A new survey of patients finds them somewhat receptive to health information exchanges. Not surprisingly, the preferred method of data exchange was on a portable device that the patient carried across practice settings. This always seems the most insecure, so I really hope this isn’t even a short- to medium-term solution to the problem. The method that was less popular was central storage of data. Also, participants trusted providers with storing clinical data more than any other party. Again, not surprising.
A new survey by the Red Cross finds that consumers are using mobile apps more in emergency situations. I was a bit confused by this: “Mobile apps now tie social media as the fourth-most popular way to get information in an emergency…” In an emergency, I’d bet that a high percentage of people are accessing social media though mobile apps and sites, so don’t know how you to differentiate the two. I worry about reliability of mobile coverage in emergencies, especially because my service is pretty bad during non-emergencies.
GE and Healthline launch the BodyMaps app for the iPad, which comes with detailed anatomical videos that display body systems and processes. This seems like a nice tool for both patient and provider education (mostly medical students).
More discussion about the ownership and usage of your big data as companies like Nike, Fitbit, Jawbone, Runkeeper and a host of others collect data on people (right now, mostly quantified-selfers). As we start tracking more physiologic data passively, this will become more of an issue. It’s an interesting discussion without a great answer right now. Part of the problem is the ridiculous privacy policies and service terms. I’m sure I’m not alone in not bothering to read 20-page usage agreements every time I sign up for a service. Even when I do look through agreements, they are usually ambiguous. I’m also not that concerned about people or companies knowing my weight or blood pressure or how many miles I run, but I understand why people do have concerns about it.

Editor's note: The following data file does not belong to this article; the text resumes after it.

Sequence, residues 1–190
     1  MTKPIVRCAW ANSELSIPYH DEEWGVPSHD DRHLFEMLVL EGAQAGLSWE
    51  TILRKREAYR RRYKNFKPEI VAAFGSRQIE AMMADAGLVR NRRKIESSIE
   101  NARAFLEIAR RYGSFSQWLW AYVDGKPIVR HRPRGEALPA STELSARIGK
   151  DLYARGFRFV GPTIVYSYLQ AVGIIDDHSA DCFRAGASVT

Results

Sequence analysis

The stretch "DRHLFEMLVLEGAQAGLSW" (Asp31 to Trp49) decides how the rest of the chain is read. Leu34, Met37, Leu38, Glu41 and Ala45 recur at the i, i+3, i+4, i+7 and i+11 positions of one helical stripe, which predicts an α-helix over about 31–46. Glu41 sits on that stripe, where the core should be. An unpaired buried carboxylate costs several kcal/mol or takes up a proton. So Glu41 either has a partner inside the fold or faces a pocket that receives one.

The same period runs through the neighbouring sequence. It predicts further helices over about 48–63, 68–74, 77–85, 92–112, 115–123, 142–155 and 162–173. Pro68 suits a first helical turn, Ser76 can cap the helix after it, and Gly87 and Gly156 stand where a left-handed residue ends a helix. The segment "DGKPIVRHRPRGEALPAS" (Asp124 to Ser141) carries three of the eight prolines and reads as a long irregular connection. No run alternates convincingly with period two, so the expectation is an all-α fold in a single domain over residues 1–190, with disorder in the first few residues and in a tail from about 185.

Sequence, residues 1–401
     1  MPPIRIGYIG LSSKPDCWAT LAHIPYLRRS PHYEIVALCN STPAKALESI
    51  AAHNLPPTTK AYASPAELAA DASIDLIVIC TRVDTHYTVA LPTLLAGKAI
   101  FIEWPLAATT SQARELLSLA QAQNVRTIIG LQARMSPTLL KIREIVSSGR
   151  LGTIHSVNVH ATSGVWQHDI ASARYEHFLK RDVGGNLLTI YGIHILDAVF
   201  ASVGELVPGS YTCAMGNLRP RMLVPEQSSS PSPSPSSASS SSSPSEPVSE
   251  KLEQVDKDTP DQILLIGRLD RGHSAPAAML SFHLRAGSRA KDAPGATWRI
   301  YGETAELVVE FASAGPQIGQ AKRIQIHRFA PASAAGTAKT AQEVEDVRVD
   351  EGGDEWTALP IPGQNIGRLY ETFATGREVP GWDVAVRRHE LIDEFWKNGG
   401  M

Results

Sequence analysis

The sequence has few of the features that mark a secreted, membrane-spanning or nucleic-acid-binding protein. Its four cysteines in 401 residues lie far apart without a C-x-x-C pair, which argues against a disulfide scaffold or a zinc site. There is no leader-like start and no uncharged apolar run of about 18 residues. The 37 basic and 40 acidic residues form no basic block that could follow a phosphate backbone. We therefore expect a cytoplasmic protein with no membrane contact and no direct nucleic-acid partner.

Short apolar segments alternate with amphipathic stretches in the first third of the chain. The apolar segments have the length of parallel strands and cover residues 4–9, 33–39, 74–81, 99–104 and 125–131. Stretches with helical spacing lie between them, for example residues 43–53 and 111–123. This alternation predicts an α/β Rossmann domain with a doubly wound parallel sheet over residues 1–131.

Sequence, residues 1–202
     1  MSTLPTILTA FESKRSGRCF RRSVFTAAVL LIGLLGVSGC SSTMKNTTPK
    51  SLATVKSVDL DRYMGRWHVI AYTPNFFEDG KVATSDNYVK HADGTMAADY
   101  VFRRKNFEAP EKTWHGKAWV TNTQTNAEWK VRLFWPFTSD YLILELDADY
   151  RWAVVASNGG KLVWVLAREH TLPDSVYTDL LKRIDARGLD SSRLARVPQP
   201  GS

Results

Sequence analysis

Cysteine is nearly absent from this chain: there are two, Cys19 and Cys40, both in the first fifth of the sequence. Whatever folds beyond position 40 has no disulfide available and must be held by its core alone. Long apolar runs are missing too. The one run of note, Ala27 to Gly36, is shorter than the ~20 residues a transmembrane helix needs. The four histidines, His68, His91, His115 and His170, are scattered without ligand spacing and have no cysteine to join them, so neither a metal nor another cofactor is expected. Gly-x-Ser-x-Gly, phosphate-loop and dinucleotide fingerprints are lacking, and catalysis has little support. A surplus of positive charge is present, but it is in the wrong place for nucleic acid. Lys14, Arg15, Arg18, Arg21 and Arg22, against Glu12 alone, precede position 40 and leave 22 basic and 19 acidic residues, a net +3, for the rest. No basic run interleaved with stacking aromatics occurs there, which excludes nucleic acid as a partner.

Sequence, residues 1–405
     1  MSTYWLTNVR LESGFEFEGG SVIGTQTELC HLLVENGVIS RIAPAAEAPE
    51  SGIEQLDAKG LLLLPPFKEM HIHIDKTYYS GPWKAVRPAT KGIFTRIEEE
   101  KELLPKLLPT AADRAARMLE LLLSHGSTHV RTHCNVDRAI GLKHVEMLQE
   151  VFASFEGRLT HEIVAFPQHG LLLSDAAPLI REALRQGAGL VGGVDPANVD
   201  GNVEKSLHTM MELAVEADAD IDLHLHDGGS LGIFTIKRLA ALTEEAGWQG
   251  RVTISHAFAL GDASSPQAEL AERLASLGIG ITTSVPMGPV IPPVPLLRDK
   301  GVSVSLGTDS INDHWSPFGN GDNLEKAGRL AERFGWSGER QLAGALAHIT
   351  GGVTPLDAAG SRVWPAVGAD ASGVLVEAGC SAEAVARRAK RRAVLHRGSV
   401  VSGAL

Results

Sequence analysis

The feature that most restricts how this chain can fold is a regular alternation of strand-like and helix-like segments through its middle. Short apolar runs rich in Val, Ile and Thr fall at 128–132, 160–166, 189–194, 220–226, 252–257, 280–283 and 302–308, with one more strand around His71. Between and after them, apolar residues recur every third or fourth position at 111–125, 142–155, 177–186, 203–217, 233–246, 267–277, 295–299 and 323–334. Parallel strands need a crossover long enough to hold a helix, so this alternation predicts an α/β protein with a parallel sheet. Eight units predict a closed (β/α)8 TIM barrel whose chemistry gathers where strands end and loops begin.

iTriage, looking to grow consumer trust in the brand, adds Harvard’s stamp of approval to its clinical content. The press release says that “Harvard Medical School has completed an extensive review of its medical content.” I’m curious who at a medical school reviews something like iTriage and commits the approval of the institution. It is definitely a good direction for iTriage as the battle for validated and approved content heats up. Others, like Mayo, offer their own content and are investing in and partnering with apps.
Another OpenTable for Doctors is launching. This one is called BetterDoctor. I like the way it performs searches and I found it simple to use. Of course it is only searching in San Francisco currently and all it offers is a phone number for providers to book appointments. You can save, share, and review providers. The company is raising money and looking to roll out nationally this fall. It’s always interesting to see a new entrant into the provider finding and booking arena.
Startup RxAnte raises a Series A round from Aberdare and West Wireless. I couldn’t find the exact amount raised. RxAnte is developing a platform to enable tailored medication adherence strategies for patients. It mentions decision support and analytics as part of this process. From what I can gather from the company’s messaging, it seems like a smarter approach to adherence than a simple messaging campaign.